That evening Vaea asked his sister to go and catch some fish for him. The girl took her torch and went down to the sea where she saw a canoe approaching. The canoe contained Malokilafulu, a giant, and his brothers, Tauaputuputu, Tauatiniulu, Talofialekava, and their sister, Apakula. They came up to the reef but could not beach their canoe. Vaea’s sister ran back to tell Vaea and fell weeping. Vaea said to her, “Do not cry for me or be afraid.”
The giants thought that no one had seen them arrive in the dark, so they anchored their canoe and went to sleep in it. Vaea went down to the sea, picked up the anchored canoe by one finger, set it on the shore, and slept beside it. During the night one of the sleeping giants was awakened by a dream.
He aroused the rest and said, “My dream is that we bailed our canoe on the shore and not on the land.” When he finished, his brothers told their dreams; each one had dreamed the same thing. Malokilafulu said, “We are still in the night, but tomorrow we shall eat the liver of Vaea.”
With the rising of the sun they found that they had been taken into Vaea’s house. They were very frightened and pleaded with Vaea not to kill them. Malokilafulu promised their sister, Apakula, to Vaea if he would let them live. Vaea married Apakula.
After he had been married for some time, he said to the four brothers, “I want to go and look at some other islands. You wait here and live with your sister.” Then he said to his wife, “If you have a son born to us while I am away, you must give him my name; but if you have a daughter, you may name her as you wish.” Apakula lived with her brother, Malokilafulu, who was angry when she named her baby boy Vaea. He went to his brothers and told them that Apakula had a son whom she had named Vaea and that they must plan to kill him.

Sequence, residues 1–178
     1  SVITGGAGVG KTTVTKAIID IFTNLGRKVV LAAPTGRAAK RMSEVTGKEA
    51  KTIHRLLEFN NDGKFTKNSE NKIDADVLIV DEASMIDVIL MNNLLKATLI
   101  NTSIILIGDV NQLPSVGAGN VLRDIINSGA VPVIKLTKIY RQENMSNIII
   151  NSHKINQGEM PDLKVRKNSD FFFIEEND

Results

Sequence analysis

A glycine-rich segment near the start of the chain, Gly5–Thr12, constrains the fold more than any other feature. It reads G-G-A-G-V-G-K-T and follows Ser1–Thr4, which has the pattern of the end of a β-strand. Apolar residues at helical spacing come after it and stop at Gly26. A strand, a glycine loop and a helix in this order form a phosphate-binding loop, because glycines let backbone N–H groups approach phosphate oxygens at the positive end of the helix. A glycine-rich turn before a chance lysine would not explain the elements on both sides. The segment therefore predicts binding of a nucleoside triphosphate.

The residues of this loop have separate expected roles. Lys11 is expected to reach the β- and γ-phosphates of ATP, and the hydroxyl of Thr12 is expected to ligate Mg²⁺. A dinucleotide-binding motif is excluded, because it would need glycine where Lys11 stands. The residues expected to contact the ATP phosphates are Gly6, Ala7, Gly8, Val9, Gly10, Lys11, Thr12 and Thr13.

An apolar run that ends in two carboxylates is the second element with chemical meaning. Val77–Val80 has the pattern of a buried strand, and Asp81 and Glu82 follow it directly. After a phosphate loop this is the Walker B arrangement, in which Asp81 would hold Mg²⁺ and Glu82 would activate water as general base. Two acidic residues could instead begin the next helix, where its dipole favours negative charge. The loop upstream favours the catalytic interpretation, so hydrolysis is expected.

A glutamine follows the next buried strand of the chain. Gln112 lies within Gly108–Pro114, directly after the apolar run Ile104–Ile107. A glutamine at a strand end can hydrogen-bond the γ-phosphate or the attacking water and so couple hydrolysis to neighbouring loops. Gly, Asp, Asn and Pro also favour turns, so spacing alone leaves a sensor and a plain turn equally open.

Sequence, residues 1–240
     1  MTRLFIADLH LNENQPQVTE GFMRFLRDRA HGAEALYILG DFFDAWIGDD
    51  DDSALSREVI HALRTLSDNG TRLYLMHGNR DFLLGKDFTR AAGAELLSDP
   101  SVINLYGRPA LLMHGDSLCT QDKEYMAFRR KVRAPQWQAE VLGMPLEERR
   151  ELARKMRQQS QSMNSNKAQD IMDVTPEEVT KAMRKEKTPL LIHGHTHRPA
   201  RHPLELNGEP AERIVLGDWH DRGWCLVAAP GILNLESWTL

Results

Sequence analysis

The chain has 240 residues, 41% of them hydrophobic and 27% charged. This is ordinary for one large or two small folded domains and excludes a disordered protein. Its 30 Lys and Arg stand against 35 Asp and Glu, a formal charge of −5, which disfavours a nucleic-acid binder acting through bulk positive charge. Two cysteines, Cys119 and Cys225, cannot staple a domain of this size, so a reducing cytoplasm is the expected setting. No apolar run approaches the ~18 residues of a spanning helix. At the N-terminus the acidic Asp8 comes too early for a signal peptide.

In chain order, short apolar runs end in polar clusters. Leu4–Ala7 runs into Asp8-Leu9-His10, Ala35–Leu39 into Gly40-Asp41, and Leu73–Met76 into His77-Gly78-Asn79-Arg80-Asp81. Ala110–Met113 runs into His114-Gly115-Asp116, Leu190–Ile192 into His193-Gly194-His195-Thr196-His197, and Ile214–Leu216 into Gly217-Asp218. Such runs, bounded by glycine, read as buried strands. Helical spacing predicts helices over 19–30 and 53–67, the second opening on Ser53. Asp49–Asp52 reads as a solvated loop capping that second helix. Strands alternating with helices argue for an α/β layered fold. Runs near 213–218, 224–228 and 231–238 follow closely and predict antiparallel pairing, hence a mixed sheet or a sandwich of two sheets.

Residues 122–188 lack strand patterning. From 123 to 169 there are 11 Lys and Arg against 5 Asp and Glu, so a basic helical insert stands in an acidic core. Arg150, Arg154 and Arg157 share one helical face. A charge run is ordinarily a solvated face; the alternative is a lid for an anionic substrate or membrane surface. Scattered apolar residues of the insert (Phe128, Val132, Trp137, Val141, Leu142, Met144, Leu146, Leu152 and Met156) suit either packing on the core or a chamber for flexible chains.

When Malokilafulu was not with them one day, the brothers told their sister all that Malokilafulu planned against her son. When Malokilafulu returned to her house, Apakula said, “If you are angry with me and wish to kill my son, you must bring me his heart.” Malokilafulu immediately went out of the house. He prepared some fibers of coconut husk to make a sennit rope and spread them out on the ground.
Then he poured water from a coconut shell over them and returned to his place in the house of the brothers. “Did Apakula’s baby break my fibers?” he asked them. But their answer was that no child had come near the fibers. Then he ordered them to bring the baby to him, saying that he wished to kill it, for if he did not, the child would go to its father. The baby was brought, and while the brothers were sitting in the house, Malokilafulu beat the child to death with a club.
Apakula came to the house and asked for the heart of her baby. They wrapped it in tapa and gave it to her. She carried it out and went to the reef, where she cried:
Mau kau fakalava
Ko leo lauatau
O laku tama.
Kai ke ko puakina atu
Takumea nei fatu manava
Namaumau ete mea te alofa.
She dived into the sea and swam to the place where Vaea had gone to live. She related to him the story of her child and gave him the heart. Vaea restored the child to life. Then Apakula told him that all her brothers loved her except Malokilafulu, who had been very cruel and angry with her. Vaea said, “We shall return to our land and fight.” So he, his wife and child, and three boys—Fakataufili, Vakataufiki, and Lae—whom he had taught to be clever in fighting and quick in running, set out for home.
When they came to their land where the giant brothers were living, Apakula pointed out to Vaea the brothers who had been kind to her and then Malokilafulu. Vaea and the three boys went to the house of the giants and started to fight. Apakula hid under a rough coconut leaf on the canoe.
Malokilafulu ran away from Vaea to the place where the canoe was and stood by the mat under which Apakula was hiding. She recognized her brother’s legs and slashed at them with an adz. He cried out, “Apakula e lofuatini.” His sister replied, “Ko koe tena na e te pofepoa.” Then she killed him with her adz.